Heady ratios out of touch

Shareholders in Mercury Asset Management and Jupiter Tyndall have been on a roll since the markets decided last year that the companies were in effect up for sale. Jupiter's shares, already spectacular performers, were given an added spurt by news of the 420p-a-share offer from Commerzbank of Germany, which locked in a useful gain over the 303p they hit in October before the bid rumours started to circulate.

Takeover prospects have also buoyed MAM since it became clear at the end of last year that its owner, SG Warburg, was going to merge or be taken over. MAM's shares have risen from £6 to £9 since then, though they fell back again this week when it became clear that Swiss Bank Corporation's takeover of Warburg was going to leave MAM as an independent entity.

But not all the rest of the sector has joined in the party. Gartmore shareholders, for instance, have seen their shares lose around 7 per cent of their value in the past five and a half months. Edinburgh Fund Managers' shares have barely been able to keep pace with the market.

There are two reasons for this. Firstly, fund management share prices are already pretty fully valued on the basis of earnings. Prospective price-earnings ratios range between 15 and 16 times for the sector - although they range as high as 19 for MAM compared with 12 or 13 for the market. More particularly, valuations based on funds under management have become stretched.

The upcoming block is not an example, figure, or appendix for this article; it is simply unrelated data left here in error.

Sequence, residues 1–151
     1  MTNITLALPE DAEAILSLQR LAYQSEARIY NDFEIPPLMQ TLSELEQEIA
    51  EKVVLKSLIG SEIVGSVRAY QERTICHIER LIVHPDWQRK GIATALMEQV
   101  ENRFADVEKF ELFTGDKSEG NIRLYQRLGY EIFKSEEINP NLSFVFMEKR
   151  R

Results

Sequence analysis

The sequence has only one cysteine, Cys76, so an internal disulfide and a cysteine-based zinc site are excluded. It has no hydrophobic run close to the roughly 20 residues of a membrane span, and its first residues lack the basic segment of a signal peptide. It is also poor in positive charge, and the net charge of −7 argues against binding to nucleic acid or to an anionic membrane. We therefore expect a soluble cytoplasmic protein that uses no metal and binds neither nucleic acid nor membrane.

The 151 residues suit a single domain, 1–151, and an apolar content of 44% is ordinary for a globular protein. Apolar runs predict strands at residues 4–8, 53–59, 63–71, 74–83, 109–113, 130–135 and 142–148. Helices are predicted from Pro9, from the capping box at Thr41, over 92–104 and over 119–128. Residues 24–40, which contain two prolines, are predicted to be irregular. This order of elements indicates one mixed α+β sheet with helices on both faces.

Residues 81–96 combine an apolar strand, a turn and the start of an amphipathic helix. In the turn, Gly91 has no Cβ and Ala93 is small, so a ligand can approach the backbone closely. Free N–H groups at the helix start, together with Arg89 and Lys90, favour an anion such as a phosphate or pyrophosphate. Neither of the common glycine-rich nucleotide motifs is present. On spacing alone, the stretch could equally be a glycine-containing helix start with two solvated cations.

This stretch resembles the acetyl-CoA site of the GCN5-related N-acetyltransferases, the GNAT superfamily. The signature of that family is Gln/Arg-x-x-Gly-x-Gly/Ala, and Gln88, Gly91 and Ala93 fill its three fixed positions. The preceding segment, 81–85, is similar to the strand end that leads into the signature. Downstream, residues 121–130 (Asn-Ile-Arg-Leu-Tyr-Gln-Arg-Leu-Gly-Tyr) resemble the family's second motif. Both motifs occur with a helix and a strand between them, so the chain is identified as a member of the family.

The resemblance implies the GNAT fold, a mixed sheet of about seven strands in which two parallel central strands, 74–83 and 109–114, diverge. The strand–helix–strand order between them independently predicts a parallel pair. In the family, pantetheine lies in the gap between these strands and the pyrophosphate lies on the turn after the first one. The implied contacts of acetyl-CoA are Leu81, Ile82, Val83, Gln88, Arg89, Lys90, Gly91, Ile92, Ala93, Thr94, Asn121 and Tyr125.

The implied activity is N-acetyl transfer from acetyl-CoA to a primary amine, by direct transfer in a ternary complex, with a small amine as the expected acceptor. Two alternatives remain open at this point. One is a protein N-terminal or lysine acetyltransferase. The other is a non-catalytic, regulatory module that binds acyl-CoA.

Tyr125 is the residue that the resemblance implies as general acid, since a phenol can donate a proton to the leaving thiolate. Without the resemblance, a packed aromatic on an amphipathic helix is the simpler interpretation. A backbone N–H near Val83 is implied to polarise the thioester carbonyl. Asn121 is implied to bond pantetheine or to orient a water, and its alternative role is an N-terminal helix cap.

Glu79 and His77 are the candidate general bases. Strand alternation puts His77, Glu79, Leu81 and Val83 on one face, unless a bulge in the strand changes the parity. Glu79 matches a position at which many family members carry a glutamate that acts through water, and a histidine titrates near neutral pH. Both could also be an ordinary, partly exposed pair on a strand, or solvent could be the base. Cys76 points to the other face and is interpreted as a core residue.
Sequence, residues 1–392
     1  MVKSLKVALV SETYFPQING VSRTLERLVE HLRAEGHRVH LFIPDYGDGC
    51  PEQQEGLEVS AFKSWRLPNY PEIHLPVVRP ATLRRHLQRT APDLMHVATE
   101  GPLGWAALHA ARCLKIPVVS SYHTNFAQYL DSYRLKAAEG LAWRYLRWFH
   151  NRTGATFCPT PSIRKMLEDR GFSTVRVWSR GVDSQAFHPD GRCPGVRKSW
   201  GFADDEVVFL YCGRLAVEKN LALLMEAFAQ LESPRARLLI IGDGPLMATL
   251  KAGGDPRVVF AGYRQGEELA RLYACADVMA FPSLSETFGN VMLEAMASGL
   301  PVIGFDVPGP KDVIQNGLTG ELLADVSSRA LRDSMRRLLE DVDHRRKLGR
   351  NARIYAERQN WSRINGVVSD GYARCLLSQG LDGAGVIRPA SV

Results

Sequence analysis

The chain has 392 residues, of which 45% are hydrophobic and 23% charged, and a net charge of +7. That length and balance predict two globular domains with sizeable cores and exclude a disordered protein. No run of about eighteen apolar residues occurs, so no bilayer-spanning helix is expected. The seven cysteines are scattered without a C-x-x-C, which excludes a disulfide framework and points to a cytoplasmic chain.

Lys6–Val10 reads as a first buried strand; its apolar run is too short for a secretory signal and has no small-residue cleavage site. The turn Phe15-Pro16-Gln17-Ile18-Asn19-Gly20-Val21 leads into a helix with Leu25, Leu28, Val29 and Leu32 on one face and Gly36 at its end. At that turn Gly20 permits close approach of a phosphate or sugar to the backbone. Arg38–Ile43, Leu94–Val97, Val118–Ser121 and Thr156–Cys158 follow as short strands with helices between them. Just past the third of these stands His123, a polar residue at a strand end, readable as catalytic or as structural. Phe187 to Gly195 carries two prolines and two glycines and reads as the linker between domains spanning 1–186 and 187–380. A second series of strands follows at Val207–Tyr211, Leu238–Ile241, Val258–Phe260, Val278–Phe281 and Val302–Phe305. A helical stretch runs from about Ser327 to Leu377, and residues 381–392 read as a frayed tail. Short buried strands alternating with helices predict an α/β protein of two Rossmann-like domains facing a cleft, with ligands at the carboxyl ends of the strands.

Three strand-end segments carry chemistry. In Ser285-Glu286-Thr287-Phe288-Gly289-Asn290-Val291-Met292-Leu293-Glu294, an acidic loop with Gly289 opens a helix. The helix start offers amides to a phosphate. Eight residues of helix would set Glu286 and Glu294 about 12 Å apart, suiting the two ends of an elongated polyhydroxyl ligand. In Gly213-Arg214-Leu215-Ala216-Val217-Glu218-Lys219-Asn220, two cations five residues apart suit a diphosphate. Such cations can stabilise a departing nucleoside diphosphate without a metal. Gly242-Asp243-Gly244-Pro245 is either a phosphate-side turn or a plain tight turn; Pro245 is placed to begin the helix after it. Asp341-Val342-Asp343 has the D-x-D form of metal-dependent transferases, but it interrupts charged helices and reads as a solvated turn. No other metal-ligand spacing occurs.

As our table shows, there is a substantial amount of good will built into share prices. That has been inflated where investors sense a takeover is in prospect - at MAM, the good will premium (the difference between the share price and net assets as a proportion of funds under management) - has grown from 1.5 per cent in December to a peak of 2.1 per cent this week. Where there is a strong retail franchise, such as exists with M & G and Perpetual, the valuation seems to have lost touch with reality.

These heady ratios suggest to analysts like Martin Cross at UBS that bidders are unlikely to want to pay more for fund managers, even if there are any more available to buy. For the second problem facing predators is that most groups are in effect locked up with friendly shareholdings.

The long-standing Esmee Fairbairn Charitable Trust holds the key to M&G with a 34 per cent stake. Henderson Administration has 22 per cent of its shares held by investment trusts it manages, and at Perpetual, which disappointed with a mere 3 per cent interim profits uplift on Thursday, its founder, Martyn Arbib, controls around two-thirds of the equity.

German banks, keen buyers of fund managers in the past, may now have had their fill. The Dutch bank ABN Amro has apparently been a disappointed suitor in the past and NatWest plainly still nurtures an interest in picking up MAM, but shareholders who are holding their breath for a bid at over 900p now look like they are going to be disappointed.

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